When we talk about this we agree that we are sure lucky to have such a nice situation in which to wait it out. Just want to get some cash out of the wholly owned house for FIRE planning purposes but that'll wait.

Oh.. and I'm also reminded how amazing the 7 month Florida winter is -- lovin' it every day. I think there will always be a market for this state, insane as it is in some areas.
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Old 12-31-2007, 10:48 AM   #4
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could be hank's gonna have to revise his forecast...

Vultures Database sees $1B drop - South Florida Business Journal:

The average discount for each of the 5,119 properties in the Vultures Database is $196,208 after sitting on the market for an average of 500 days. The asking price of the average condo is down $150,534 with 506 days on the market. Single-family homes and undeveloped lots are down in asking price an average of $286,784 after being on the market for 488 days....

The company said the barrier islands have seen a smaller percentage decrease in price than the mainland properties. Residential properties on the mainland in Miami-Dade, Broward, and Palm Beach counties are down 23 percent, or $187,614, while condos, townhouses, single-family homes and undeveloped lots on the barrier islands are down an average of only 20 percent, or $207,038.
"off with their heads"~~dr. joseph-ignace guillotin

"life should begin with age and its privileges and accumulations, and end with youth and its capacity to splendidly enjoy such advantages."~~mark twain - letter to edward kimmitt 1901
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Old 12-31-2007, 12:45 PM   #5
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The original SOH (save our homes) bill was an ill advised policy option which created the current fiasco.* So is the upcoming vote. If it passes, we will see a real decrease in funding for education and other local services unless the counties increase the millage rate. Most will be forced to do this, so the actual savings will be limited, if any. That is, except for the few poor rural counties who are already at the max allowed millage (10 mills) and still have no revenue.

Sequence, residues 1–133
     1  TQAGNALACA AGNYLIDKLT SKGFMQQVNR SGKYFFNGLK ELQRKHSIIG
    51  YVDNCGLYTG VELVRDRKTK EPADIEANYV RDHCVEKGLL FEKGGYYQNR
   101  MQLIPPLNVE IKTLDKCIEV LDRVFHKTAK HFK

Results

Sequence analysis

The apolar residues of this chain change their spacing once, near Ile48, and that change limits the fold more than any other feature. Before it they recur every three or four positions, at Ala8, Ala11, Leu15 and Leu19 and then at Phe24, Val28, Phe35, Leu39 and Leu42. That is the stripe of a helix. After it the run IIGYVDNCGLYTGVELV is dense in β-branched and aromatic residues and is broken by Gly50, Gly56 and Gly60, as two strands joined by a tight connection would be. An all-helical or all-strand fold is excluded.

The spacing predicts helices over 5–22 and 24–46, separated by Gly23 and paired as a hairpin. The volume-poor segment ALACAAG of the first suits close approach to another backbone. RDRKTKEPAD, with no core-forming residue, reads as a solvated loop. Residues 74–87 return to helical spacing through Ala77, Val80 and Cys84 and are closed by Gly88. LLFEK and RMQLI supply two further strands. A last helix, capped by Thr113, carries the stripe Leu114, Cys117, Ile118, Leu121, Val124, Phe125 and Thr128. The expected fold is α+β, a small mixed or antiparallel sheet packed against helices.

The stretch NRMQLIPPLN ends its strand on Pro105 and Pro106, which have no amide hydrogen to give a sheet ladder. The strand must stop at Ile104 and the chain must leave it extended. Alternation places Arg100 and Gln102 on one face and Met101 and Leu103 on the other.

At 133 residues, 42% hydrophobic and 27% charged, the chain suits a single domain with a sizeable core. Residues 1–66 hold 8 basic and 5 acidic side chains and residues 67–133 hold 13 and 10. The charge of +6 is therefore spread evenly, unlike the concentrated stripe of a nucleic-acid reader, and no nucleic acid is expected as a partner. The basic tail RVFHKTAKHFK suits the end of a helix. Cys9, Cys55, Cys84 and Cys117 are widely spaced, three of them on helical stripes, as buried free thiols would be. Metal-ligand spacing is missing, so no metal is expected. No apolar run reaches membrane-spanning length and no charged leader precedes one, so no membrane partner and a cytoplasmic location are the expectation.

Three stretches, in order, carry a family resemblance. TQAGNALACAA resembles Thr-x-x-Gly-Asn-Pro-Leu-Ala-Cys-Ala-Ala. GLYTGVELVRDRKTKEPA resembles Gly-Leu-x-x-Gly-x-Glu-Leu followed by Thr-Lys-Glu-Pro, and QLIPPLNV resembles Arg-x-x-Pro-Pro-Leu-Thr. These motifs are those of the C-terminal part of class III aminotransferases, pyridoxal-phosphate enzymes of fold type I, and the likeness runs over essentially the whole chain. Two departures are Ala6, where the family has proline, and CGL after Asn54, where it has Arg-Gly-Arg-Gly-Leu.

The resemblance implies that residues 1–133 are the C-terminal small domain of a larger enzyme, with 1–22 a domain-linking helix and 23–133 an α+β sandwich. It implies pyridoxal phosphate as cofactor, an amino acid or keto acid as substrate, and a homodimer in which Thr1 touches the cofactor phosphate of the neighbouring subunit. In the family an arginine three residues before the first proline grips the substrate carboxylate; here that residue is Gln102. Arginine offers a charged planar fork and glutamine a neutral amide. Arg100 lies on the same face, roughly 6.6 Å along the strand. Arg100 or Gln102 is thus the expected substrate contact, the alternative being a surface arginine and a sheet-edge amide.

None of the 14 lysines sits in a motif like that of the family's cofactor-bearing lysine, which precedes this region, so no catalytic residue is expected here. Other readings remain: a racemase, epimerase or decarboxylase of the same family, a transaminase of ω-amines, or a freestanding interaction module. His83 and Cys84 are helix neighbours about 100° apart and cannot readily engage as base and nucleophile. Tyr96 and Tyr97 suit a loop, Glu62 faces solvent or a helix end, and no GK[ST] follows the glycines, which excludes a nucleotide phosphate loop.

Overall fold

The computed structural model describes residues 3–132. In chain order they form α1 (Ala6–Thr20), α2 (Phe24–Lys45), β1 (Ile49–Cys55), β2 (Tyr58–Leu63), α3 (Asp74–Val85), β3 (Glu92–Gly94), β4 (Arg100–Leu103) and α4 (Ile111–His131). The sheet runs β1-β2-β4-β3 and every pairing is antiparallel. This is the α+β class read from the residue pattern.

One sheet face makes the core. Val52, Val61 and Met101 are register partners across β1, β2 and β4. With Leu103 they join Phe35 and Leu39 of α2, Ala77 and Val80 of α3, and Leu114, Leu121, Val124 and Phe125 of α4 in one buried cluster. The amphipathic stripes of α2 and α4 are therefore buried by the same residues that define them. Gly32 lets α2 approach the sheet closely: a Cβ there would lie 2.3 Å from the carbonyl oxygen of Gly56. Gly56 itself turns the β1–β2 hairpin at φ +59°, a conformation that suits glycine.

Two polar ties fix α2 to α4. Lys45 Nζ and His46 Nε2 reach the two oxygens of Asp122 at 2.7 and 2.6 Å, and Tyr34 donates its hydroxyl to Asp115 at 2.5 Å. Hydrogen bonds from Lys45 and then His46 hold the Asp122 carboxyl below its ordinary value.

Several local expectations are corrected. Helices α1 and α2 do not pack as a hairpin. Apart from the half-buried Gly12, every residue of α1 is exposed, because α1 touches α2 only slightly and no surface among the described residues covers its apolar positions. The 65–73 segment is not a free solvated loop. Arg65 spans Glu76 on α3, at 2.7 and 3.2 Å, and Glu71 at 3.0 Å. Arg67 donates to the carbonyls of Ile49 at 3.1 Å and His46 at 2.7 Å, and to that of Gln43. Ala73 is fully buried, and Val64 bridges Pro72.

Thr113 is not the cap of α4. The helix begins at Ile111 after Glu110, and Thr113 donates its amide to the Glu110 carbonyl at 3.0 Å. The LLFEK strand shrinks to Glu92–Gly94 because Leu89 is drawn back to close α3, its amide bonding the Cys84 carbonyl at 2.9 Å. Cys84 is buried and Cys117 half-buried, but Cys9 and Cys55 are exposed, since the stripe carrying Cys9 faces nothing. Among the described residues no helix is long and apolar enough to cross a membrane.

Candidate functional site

Don't look to the state to help out county/city funding. The state tax structure is also poorly designed. Funding over the past few years has been dependent on new constuction and real estate stales - all those doc stamps fees. As a result, the state has a $1.5B shortfall in fiscal year 2007-07 and at least $1B projected in fy 2007-08. The revenue stream essentially looks as if the state is in a recession (real estae is, anyway). If an actual recession hits, it will be ugly. In the mean time, the state will continue to do what it has done for the past 10 years - push more costs to the county/city. (See first paragraph)

All of this aside, I do not believe that policy issues (high speed rail, class size, tax structure, amount of pen space for pregnant pigs) belong in the constitution. These are not constitutional issues, but should be addressed through policy and law making. Yea, I know, term limits make it easy for the officials to skirt responsibilities...but it is our responsibility to apply pressure.

*for non-Floridians, this constiutional amendment in early 90s capped property tax increases to 3%, so if property values increased 2%, tax increases stayed in line, but if values increased 10%, tax increase is limited to 3% each year.
I would not have anyone adopt my mode of living...but I would have each one be very careful to find out and pursue his own way, and not his father's or his mother's or his neighbor's instead. Thoreau, Walden
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Old 12-31-2007, 03:49 PM   #6
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I think that SOH (save our homes) is BS. SOH's is the reason out of towners are not moving in large #'s anymore. They almost had a fix with the super exemption that was supposed to be on the ballot on Jan 29th. This would have helped the new comers with the obscene tax they get hit with because of the SOH. But one of the Florida courts knocked it out a few months ago and we are back to square one.

This mess here will only get worse, it's almost a joke. The Governor Crist, makes like a 50K homestead exemption will make this all go away. But the problem is the local governments will just raise the millage rates and take it right back.

Florida real estate is in big trouble.